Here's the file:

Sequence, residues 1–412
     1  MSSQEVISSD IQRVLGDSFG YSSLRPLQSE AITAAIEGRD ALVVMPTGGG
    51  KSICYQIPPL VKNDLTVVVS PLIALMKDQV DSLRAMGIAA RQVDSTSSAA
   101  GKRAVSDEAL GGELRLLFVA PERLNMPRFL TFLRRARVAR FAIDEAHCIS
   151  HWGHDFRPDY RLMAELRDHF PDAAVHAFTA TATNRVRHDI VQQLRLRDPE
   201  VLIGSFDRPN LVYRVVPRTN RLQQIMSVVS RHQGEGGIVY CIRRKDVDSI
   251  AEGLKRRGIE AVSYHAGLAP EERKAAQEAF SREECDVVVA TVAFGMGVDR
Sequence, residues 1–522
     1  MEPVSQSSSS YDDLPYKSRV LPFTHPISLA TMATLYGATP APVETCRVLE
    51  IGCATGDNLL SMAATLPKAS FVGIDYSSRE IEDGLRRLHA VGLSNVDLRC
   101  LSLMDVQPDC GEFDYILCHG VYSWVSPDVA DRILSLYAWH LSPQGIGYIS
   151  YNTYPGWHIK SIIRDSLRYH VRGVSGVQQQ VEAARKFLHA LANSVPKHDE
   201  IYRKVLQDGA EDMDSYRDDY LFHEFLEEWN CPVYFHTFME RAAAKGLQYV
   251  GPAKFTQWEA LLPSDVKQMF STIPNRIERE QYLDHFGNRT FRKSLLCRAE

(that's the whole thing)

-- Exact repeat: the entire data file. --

Sequence, residues 1–412
     1  MSSQEVISSD IQRVLGDSFG YSSLRPLQSE AITAAIEGRD ALVVMPTGGG
    51  KSICYQIPPL VKNDLTVVVS PLIALMKDQV DSLRAMGIAA RQVDSTSSAA
   101  GKRAVSDEAL GGELRLLFVA PERLNMPRFL TFLRRARVAR FAIDEAHCIS
   151  HWGHDFRPDY RLMAELRDHF PDAAVHAFTA TATNRVRHDI VQQLRLRDPE
   201  VLIGSFDRPN LVYRVVPRTN RLQQIMSVVS RHQGEGGIVY CIRRKDVDSI
   251  AEGLKRRGIE AVSYHAGLAP EERKAAQEAF SREECDVVVA TVAFGMGVDR
Sequence, residues 1–522
     1  MEPVSQSSSS YDDLPYKSRV LPFTHPISLA TMATLYGATP APVETCRVLE
    51  IGCATGDNLL SMAATLPKAS FVGIDYSSRE IEDGLRRLHA VGLSNVDLRC
   101  LSLMDVQPDC GEFDYILCHG VYSWVSPDVA DRILSLYAWH LSPQGIGYIS
   151  YNTYPGWHIK SIIRDSLRYH VRGVSGVQQQ VEAARKFLHA LANSVPKHDE
   201  IYRKVLQDGA EDMDSYRDDY LFHEFLEEWN CPVYFHTFME RAAAKGLQYV
   251  GPAKFTQWEA LLPSDVKQMF STIPNRIERE QYLDHFGNRT FRKSLLCRAE